Set in present-day L.A, The Tax Collector focuses on two men who work for a major local crime lord. David (Bobby Soto) & Creeper (Shia LaBeouf) drive around the city collecting what is owed to their boss from local outlets. For David, when he is not working, he enjoys spending time with his wife and two children, and would do anything to protect them. The job is risky but David feels confident in being able to keep his family safe while making collections and living the life of crime. David and Creeper are very good at what they do and have a tight bond between the two of them. Life for the two is going perfectly well until David receives word that a rival crime boss has returned to L.A. and is out to get revenge. Now David and Creeper are on alert as the return of one man could destroy everything they have built up, or worse, David’s family could be a target.
Directed by David Ayer, who previously directed titles such as End of Watch, Bright and wrote Training Day, the film certainly has some familiar aspects. Instead of following police officers, the director is now focusing more on gangs and crime within L.A. The film is also dialogue-heavy with moments of strong violence which most certainly earns the film’s rating of R18+. Visually, The Tax Collector is pleasing even though the majority is quite gritty and dark. The audio track is also pleasing but I was surprised at how much bass is outputted during certain moments, particularly when it comes to the film’s music.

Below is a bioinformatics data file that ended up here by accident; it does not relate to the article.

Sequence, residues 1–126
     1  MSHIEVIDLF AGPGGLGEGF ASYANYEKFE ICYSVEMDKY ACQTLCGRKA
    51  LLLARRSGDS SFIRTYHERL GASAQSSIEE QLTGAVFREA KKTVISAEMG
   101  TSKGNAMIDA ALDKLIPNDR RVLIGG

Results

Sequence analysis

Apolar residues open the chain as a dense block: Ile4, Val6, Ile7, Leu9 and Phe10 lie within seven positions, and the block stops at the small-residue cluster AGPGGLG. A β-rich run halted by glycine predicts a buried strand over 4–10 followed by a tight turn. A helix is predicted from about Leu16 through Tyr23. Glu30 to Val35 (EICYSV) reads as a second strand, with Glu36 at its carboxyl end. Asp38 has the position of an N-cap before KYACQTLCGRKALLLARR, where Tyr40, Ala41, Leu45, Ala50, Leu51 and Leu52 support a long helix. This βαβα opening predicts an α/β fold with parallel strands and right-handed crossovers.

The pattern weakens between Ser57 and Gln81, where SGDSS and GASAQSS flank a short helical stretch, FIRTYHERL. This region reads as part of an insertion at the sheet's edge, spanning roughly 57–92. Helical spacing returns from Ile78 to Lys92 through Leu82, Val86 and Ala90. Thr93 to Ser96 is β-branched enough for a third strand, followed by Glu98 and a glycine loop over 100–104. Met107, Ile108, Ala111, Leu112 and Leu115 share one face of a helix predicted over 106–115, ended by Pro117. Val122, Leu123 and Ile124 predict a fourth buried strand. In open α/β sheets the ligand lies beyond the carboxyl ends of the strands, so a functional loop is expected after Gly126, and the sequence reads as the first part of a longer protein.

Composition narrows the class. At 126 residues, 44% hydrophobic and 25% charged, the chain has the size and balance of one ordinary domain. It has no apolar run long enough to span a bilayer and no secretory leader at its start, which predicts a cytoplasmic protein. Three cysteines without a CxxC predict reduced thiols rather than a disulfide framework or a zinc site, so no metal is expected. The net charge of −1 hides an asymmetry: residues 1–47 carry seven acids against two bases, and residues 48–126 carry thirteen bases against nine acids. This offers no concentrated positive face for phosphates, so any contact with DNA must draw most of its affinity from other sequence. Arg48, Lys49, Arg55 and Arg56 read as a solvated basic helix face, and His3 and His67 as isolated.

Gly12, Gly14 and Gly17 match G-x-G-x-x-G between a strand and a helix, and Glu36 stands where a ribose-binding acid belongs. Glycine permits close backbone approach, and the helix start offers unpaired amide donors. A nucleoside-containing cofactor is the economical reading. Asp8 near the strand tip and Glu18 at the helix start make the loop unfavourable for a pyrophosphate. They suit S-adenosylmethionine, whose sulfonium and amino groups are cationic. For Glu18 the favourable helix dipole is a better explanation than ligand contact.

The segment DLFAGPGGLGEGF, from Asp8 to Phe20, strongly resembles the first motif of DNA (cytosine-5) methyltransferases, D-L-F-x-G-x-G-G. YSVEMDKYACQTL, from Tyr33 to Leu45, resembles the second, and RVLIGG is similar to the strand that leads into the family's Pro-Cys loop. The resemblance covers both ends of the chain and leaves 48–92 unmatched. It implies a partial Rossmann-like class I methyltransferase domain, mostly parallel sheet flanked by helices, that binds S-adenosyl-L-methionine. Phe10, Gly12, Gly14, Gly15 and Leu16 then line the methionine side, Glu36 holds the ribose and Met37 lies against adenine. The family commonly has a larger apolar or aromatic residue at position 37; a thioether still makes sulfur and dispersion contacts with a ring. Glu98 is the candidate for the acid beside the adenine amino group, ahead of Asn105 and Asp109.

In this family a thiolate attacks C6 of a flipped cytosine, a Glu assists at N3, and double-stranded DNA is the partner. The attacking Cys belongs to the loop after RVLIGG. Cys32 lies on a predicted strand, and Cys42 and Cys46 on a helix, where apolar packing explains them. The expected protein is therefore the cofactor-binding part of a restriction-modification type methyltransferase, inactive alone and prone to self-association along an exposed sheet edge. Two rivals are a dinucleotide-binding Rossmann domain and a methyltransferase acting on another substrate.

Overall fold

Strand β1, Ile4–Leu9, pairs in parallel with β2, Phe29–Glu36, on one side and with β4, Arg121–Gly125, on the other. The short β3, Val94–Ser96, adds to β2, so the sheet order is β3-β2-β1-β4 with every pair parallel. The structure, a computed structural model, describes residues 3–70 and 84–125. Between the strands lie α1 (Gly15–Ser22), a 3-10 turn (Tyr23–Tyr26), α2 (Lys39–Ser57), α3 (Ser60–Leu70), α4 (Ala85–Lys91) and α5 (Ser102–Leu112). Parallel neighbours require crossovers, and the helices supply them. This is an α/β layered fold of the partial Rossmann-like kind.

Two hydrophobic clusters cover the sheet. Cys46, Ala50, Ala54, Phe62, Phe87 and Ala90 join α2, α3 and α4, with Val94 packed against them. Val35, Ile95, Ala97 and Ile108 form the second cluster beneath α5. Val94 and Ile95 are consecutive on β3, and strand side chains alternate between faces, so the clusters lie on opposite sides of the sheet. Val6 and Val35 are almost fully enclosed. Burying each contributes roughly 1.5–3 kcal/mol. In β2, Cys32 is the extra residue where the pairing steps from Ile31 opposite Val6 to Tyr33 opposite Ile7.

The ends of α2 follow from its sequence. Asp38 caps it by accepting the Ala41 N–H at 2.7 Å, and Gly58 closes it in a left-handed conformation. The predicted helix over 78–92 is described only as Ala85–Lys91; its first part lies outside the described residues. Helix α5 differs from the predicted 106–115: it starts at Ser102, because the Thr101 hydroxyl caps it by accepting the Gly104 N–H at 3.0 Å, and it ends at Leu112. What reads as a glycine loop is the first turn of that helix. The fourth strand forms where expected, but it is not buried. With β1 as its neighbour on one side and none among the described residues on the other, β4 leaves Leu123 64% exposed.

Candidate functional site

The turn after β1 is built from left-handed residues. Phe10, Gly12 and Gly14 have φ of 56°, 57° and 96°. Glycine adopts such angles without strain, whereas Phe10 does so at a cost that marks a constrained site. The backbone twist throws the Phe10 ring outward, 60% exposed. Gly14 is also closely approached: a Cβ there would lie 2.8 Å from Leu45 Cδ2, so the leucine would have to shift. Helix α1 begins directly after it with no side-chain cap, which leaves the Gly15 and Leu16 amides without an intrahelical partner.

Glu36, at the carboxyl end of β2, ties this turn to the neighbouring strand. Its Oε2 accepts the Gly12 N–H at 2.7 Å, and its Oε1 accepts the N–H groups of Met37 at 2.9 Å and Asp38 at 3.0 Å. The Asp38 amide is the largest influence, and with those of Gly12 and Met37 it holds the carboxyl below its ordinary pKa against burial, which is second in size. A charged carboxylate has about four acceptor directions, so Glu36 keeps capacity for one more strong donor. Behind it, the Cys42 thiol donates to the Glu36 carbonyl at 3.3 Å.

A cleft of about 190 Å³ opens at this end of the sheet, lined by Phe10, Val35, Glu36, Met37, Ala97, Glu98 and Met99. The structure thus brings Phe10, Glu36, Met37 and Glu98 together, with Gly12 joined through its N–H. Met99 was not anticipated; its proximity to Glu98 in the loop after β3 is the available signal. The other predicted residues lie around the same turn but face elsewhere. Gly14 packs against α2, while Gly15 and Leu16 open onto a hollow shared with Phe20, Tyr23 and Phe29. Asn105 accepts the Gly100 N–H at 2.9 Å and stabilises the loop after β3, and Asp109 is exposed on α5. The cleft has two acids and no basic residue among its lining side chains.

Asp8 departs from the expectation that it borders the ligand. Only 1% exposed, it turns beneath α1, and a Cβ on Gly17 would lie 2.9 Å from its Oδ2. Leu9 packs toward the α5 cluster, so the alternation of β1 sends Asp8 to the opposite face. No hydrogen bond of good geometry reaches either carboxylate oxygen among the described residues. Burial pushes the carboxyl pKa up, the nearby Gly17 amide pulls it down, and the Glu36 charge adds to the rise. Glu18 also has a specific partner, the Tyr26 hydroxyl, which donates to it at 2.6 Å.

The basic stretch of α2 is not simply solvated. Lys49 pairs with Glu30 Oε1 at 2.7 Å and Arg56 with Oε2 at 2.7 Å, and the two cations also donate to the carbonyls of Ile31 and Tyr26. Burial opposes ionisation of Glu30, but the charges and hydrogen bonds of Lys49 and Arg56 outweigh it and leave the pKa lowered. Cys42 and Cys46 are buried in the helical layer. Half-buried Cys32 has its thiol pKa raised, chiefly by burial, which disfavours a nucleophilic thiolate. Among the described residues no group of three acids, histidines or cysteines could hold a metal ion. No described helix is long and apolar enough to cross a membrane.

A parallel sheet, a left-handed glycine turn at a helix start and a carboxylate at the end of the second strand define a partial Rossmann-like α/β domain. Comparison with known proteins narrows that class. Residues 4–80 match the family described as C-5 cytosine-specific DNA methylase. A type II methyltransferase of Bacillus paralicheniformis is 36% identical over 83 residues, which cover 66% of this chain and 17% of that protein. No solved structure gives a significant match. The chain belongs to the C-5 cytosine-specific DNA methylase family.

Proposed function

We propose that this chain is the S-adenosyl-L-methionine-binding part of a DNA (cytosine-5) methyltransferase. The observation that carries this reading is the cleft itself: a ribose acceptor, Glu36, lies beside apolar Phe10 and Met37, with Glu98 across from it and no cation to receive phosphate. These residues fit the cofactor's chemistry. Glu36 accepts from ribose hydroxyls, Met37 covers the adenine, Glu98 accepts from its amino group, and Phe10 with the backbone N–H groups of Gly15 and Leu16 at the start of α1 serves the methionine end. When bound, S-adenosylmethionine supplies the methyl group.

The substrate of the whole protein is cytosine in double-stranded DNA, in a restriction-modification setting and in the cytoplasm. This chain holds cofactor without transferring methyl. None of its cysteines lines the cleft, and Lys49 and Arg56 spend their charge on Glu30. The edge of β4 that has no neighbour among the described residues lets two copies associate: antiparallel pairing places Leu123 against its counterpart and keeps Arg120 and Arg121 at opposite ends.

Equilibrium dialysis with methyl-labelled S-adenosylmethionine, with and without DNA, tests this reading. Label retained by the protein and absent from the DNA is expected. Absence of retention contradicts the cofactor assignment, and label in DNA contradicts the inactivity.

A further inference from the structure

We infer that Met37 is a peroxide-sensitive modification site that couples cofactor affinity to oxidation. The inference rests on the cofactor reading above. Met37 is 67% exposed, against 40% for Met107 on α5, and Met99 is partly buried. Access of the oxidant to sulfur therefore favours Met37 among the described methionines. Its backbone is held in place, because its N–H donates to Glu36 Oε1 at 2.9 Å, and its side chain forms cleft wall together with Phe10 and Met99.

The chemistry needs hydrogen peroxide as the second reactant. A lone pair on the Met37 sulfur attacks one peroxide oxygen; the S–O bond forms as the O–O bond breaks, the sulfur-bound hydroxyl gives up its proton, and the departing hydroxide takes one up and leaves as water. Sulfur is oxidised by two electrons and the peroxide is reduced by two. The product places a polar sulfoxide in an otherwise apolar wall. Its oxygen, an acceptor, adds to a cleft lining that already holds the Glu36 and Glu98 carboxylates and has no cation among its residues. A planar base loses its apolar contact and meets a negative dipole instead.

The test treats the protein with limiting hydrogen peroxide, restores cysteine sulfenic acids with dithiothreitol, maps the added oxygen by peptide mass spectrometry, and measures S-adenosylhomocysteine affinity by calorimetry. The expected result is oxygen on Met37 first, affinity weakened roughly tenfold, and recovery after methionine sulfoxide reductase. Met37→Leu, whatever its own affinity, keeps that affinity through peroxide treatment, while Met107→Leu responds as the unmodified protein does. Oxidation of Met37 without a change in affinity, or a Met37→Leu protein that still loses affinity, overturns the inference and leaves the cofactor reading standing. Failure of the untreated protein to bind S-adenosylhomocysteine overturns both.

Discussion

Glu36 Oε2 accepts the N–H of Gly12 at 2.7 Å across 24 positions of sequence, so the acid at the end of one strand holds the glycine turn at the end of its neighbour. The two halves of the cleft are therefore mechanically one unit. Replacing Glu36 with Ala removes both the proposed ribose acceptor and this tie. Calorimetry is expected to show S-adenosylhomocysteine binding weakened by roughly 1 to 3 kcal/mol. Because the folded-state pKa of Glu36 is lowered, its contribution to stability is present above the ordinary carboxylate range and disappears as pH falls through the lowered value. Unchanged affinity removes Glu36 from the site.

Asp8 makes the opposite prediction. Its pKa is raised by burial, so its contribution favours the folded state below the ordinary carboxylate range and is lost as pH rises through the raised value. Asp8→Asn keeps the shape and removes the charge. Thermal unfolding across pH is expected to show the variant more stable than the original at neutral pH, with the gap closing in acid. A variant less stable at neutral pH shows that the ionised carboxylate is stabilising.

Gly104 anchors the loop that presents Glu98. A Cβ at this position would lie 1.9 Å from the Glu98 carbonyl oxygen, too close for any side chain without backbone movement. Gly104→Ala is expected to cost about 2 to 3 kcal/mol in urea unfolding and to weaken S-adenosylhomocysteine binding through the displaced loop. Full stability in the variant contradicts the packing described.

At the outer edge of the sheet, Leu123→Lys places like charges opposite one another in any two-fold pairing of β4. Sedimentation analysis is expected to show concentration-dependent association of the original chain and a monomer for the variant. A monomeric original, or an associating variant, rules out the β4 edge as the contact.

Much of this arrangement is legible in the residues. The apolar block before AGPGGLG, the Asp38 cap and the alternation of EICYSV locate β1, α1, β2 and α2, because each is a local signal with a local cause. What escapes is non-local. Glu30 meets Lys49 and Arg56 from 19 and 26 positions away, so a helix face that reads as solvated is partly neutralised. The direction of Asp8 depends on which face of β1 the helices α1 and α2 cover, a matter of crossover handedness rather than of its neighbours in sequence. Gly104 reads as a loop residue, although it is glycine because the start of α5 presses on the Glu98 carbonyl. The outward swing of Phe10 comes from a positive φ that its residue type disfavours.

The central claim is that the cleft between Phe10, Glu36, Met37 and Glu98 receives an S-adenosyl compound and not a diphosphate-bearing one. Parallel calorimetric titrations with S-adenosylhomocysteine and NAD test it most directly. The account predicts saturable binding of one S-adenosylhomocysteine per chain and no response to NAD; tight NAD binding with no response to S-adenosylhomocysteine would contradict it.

As for performances, this is an area that left me quite surprised. While actor Shia LaBeouf is not the leading character in this film, he is easily the most interesting character in the film. Not only that, the performance that Shia LaBeouf brings on screen is also fantastic and I did feel pretty disappointed whenever his presence was off the screen.
As a plot, I found The Tax Collector to be generally dull. The opening of the film spends far too much time showing the lead characters collecting money. Once the film introduces its villain, the plot becomes incredibly predictable. David is also an uninteresting character and he makes choices which again have predictable outcomes. The film’s third act is questionable as it attempts to give its audience a big reveal, but during the final moments, I had honestly already checked out of the film and would have felt more excited if the film had just ended.
Overall, this film is truly a mixed bag. Actor Shia LaBeouf is easily the best element of this film, and whenever he is off-screen, the film becomes too slow-paced. Visually, this film is pleasing and the same can be said for the film’s audio track. The film is extremely predictable and by the final moments, the duration had undoubtedly overstayed its welcome.
The Tax Collector (2020) is Now Available on Blu-ray & DVD!
PODCASTS ARE NOW AVAILABLE ON APPLE ITUNES & SPOTIFY
Walkden Entertainment is also Available on Instagram!
Thank you for visiting!
Walkden Entertainment is also available multiple on platforms!
For more information, click here: https://linktr.ee/walkdenentertainment
Review Written by Peter Walkden